Are You As Fit As You Look?

Or do you just hide your fat well?

If you’re relying only on your scale to tell you whether you’re healthy or not, you could be in for a shocking surprise.

A recent Mayo Clinic study estimates that up to 30 million Americans have a condition known as NWO (normal weight obesity) or “skinny fat.”

While skinny-fat people look trim and healthy on the outside, their body fat percentage, cholesterol levels, and blood pressure rival that of obese people and they are vulnerable to the same obesity-related risks. Remember that slender does not equal healthy. If you seem to be blessed with a perfect metabolism, take a closer look to make sure you are as healthy on the inside as you appear to be on the outside.

fit-1fit-2These two women are the same height, have similar clothing sizes, and similar weights. Both of their body mass indexes (BMI) show that they are in a healthy weight range.

But the similarities stop there.

One woman is healthy, fit, and strong while the other is at risk for heart disease, diabetes, and other obesity-related illnesses.

Jamie exercises four days a week for an hour at a time. She incorporates cardio and strength training into her workouts. She avoids processed foods and eats healthy.

Height 5’4″
Weight 135 lbs.
BMI 23
Body fat 23%

Vanessa has always been naturally slender. Diet and exercise have never been a priority for her. She eats whatever she wants and doesn’t have a formal exercise schedule.

Height 5’5″
Weight 132 lbs.
BMI 22
Body fat 33%

While both women look great in their jeans, Vanessa is considered metabolically obese at a normal weight or “skinny fat.” Even though Vanessa’s BMI is lower than Jamie’s, she is four times more likely to develop metabolic syndrome and twice as likely to develop cardiovascular disease. Her risk for hypertension and diabetes is also greater.

Slender does not equal healthy. Remember that even those who seem to have supernatural metabolism can’t neglect their health. So when it comes to assessing your fitness, focus less on your pant size and more on your body fat percentage. Ask your doctor for an assessment and follow the age-old advice: eat right and exercise.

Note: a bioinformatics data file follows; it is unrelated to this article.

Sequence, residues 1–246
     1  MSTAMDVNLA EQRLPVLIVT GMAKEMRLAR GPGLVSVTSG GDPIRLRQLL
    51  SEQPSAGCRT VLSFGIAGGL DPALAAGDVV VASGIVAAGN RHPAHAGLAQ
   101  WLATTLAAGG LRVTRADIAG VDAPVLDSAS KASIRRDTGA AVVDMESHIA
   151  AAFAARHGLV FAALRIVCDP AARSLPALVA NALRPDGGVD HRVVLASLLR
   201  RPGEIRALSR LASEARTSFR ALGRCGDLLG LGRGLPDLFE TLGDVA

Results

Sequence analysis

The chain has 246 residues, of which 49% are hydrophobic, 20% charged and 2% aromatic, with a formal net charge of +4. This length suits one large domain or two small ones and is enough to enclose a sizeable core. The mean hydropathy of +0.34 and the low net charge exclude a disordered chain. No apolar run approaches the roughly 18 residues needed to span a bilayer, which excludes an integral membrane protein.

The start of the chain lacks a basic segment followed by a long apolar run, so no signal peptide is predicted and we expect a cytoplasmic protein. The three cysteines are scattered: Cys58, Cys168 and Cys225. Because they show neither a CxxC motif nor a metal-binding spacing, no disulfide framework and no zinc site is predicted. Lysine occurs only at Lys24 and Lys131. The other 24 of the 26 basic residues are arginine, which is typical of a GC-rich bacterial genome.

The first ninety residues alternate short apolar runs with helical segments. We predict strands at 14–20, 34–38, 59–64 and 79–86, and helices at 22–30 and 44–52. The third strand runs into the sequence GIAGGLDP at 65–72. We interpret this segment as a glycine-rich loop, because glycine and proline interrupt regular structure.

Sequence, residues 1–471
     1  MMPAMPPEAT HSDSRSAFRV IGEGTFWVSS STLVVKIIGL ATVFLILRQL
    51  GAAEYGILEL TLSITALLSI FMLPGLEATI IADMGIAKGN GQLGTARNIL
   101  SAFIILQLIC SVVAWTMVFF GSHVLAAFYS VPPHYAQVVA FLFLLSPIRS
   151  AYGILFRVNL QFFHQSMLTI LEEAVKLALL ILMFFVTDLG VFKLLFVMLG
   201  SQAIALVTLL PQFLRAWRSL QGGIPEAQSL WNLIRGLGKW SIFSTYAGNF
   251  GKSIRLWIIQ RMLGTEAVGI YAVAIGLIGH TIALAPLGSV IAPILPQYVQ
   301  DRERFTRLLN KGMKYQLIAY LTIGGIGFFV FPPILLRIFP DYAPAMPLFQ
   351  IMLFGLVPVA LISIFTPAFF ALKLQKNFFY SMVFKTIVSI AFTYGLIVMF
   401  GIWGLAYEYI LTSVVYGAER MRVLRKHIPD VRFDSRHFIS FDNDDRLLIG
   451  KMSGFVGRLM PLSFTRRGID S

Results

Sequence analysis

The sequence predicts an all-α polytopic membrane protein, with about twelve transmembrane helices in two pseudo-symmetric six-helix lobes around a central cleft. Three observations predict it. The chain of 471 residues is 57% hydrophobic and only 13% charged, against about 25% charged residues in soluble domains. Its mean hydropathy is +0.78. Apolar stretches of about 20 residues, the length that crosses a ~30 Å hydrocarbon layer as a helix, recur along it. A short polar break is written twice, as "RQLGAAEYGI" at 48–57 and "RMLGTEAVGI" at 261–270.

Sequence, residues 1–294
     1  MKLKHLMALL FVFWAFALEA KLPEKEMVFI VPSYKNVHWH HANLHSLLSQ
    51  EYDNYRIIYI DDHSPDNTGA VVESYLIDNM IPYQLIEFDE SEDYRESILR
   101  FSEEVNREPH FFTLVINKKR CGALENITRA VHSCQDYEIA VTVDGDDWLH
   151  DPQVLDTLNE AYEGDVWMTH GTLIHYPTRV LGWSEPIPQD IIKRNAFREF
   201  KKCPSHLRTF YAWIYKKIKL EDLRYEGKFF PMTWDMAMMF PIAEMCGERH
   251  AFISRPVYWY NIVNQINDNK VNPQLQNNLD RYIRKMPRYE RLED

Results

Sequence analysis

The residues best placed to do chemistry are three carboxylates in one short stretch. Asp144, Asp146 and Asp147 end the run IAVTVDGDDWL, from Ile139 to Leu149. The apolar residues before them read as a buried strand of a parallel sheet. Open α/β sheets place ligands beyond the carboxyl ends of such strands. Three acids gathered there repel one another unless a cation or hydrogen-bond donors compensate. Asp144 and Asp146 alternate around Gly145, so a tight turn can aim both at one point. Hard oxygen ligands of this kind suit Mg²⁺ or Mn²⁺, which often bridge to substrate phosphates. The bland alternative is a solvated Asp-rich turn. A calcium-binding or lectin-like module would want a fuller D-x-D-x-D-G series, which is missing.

3 ways to determine your percentage

  • Skin fold calipers: measure skinfolds to calculate subcutaneous fat. They are probably the best balance of accessibility and accuracy.
  • Bioelectric Impedance Analysis (BIA) can be found on high-end scales. A small electrical impulse measures the density of fat versus other tissue in your body. Accuracy is often questioned, but you can get an estimate and track your progress.
  • Hydrostatic Weighing weighs you underwater. It is very accurate but time consuming and expensive.

Are you skinny fat? Blast away your inner obesity with these tips.

Know your numbers.

Don’t rely solely on a scale or BMI. Purchase a scale that tells you your body fat percentage. Healthy body fat percentages are 17-31% for women and 10-24% for men. Get an annual wellness exam that measures your triglycerides, HDL, LDL, and glucose levels.

Exercise regularly

Cardio is important for heart health but don’t overlook strength training. Muscle mass helps regulate blood sugar levels and keeps you strong and svelte as you age

Eat healthy

Limit processed foods and refined carbohydrates. Opt for lean protein, fruits, veggies, and whole grain.